Today marks the third day detainees refused meals to protest conditions at the Northwest Detention Center in Tacoma, the largest immigrant detention facility on the West Coast. About 16 people began a hunger strike—or, in Immigration and Customs Enforcement officials' terms, a "meal refusal"—on Tuesday after about 20 men were taken to solitary confinement for allegedly "planning a riot." That allegation came after the men protested a GEO Group guard's alleged assault of an 18-year-old man who arrived to the United States as an unaccompanied youth, according to the activist group NWDC Resistance.
"After his assault, GEO guards placed the facility on lockdown—no phones, no lawyer visits, not even lights," the group wrote in a statement released today. "Since then, the facility is on 'modified lockdown' and even those not held in solitary confinement have reportedly been told that they cannot talk to each other or their loved ones." (GEO Group is the private company that operates the detention center.)
In a statement, ICE representatives said the men "continued to defy officers’ instructions and disobey facility rules, putting themselves, other detainees, and center personnel at risk. Their actions also impacted the safe and orderly operation of the facility." According to ICE, 66 detainees were moved from their housing unit, 17 of them into solitary confinement, “for their safety and the safety of others at the center.”
When asked about the alleged assault of the 18-year-old, ICE Spokesperson Virginia Kice said that the department has a "zero tolerance policy for any kind of abusive or inappropriate behavior in its facilities. The Department of Homeland Security Office of the Inspector General and ICE’s Office of Professional Responsibility investigate all allegations of abuse or other misconduct and take appropriate action when such allegations are substantiated."
ICE officials only consider three men to be on hunger strike and will provide medical supervision, per department protocol.
"Several other detainees have been randomly refusing the facility’s prepared meals over the last several days, but all of these individuals still have access to the extensive selection of food and drinks offered through the commissary," the statement read.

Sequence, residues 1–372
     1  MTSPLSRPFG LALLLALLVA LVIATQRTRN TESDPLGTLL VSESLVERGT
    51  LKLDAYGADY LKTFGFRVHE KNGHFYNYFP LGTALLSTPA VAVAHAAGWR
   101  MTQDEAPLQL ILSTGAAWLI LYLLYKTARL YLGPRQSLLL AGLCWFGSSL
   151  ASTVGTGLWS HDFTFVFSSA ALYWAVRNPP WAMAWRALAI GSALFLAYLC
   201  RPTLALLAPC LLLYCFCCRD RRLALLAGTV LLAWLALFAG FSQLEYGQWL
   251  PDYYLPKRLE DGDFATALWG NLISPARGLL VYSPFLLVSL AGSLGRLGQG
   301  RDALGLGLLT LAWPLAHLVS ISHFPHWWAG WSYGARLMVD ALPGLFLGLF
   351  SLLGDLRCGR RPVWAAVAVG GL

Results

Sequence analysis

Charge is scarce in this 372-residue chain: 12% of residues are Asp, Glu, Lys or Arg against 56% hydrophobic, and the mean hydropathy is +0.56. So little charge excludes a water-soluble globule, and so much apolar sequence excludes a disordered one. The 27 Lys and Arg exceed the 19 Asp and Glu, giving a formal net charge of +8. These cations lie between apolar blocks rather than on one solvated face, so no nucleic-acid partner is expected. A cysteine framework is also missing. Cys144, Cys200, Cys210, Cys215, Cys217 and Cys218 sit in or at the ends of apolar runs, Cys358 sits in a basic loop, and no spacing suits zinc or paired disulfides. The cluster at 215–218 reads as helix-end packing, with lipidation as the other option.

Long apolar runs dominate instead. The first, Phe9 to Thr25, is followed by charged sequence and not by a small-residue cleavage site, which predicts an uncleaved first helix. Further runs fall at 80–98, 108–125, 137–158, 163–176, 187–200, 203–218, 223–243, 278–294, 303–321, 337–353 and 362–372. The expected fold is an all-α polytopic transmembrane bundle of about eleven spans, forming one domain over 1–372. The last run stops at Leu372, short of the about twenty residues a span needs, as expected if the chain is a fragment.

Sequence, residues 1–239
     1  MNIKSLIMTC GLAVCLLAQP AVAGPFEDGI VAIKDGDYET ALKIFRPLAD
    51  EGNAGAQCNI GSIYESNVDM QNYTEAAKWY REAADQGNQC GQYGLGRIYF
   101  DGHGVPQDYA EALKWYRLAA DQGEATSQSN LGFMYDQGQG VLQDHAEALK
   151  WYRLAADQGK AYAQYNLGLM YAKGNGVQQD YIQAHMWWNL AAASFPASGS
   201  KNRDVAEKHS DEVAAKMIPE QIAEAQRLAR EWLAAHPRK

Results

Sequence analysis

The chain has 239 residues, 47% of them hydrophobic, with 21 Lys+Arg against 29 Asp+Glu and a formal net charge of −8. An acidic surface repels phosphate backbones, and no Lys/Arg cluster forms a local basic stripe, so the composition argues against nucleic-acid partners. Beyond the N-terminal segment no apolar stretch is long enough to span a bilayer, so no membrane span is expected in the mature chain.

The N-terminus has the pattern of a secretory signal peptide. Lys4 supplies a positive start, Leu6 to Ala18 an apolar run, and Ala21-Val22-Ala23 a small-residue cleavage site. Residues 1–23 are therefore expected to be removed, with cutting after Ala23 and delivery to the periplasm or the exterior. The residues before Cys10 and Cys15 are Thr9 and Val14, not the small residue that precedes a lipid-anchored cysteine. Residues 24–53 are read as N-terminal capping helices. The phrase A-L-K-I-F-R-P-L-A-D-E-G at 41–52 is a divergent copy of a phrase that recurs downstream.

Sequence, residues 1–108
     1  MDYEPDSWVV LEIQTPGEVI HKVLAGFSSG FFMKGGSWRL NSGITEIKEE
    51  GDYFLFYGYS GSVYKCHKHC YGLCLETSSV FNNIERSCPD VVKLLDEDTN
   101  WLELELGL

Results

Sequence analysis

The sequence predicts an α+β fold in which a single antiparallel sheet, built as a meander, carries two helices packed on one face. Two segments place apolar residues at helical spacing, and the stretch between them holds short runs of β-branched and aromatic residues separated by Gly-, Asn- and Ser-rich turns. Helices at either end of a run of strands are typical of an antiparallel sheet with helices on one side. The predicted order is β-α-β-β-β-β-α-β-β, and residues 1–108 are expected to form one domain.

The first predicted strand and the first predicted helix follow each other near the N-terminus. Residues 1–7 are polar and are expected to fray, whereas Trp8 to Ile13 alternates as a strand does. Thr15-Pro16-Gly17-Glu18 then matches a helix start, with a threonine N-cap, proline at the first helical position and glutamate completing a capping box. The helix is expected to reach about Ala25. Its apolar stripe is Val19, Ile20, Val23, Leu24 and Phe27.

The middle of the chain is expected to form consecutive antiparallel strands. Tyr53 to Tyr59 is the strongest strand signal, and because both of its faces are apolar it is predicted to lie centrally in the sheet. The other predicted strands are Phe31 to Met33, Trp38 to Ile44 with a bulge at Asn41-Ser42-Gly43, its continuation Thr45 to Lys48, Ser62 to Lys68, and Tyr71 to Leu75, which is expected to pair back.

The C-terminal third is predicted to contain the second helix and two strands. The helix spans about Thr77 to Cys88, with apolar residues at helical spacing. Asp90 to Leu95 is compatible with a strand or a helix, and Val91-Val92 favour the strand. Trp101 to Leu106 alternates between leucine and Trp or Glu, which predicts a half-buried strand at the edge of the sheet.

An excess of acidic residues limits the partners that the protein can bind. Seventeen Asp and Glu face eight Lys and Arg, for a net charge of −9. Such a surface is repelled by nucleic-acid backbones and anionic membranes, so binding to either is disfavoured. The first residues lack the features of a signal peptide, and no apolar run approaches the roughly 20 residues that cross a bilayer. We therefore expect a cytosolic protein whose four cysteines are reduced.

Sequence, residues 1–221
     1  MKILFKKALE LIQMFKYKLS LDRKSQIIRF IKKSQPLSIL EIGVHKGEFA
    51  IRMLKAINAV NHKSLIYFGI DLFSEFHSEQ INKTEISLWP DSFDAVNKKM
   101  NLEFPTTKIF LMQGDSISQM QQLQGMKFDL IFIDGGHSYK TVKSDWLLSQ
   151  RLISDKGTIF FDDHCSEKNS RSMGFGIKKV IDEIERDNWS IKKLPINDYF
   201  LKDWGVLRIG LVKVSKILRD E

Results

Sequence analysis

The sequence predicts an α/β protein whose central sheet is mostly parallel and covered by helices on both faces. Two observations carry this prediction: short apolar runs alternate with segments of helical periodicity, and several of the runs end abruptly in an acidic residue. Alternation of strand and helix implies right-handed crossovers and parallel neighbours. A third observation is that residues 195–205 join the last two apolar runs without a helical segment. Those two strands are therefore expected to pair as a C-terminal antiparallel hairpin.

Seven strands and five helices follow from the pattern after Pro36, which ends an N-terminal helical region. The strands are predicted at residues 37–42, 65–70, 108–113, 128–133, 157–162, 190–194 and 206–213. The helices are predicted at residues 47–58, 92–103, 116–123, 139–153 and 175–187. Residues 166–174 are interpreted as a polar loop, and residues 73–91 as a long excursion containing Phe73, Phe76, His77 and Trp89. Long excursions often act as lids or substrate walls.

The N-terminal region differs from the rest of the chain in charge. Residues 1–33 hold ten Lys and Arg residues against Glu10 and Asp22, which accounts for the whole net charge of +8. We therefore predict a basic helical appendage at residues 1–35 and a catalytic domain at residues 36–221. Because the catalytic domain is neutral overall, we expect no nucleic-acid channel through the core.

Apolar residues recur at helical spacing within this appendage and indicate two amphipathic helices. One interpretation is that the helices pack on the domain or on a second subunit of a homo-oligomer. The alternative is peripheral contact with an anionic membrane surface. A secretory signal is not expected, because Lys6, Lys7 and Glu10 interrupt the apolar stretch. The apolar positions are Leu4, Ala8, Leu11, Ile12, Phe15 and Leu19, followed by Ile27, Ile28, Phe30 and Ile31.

In a statement released yesterday, ICE representatives said that the group of men "are NOT in solitary confinement," but are housed in a "special management unit." Although they are separated from the general detention center population, the detainees "continue to have freedom of movement within their housing area, as well as access to recreation, visitation, and other privileges."
But immigration activists disagree.
"We know that ICE lies—whatever they say is not true," Maru Mora Villalpando, an organizer with NWDC Resistance, told The Stranger. "People have been telling us since the beginning of this year how conditions have worsened. What we noticed after the last series of hunger strikes from April to June was that there was so much strength to keep organizing and uniting and protecting each other from the guards. They were afraid of the guards... that they were trying to portray [incarcerated individuals] as violent."
As part of their demonstration, strikers also issued a list of demands, which include the release of 20 men held in special management units back into the general population, improved training for detention center guards, contact visits between detainees and family members, and more nutritious food.
This demonstration marks the fourth hunger strike to raise awareness of conditions inside the detention center since a series of strikes launched in April. Before today, ICE categorized the men's demonstration as a "meal refusal" that didn't prevent them from eating provided food later.
"ICE and GEO have built this environment to provoke violence for an excuse to dismantle the whole unit," Villalpando claimed. "GEO and ICE is looking for ways to disorganize them. By placing them in solitary confinement, it's another way to retaliate."
She continued: "The way they’re being treated, the way they’re being talked to, the kind of language the guards use against them, how they humiliate them, they’re trying [to make these people] lose their dignity."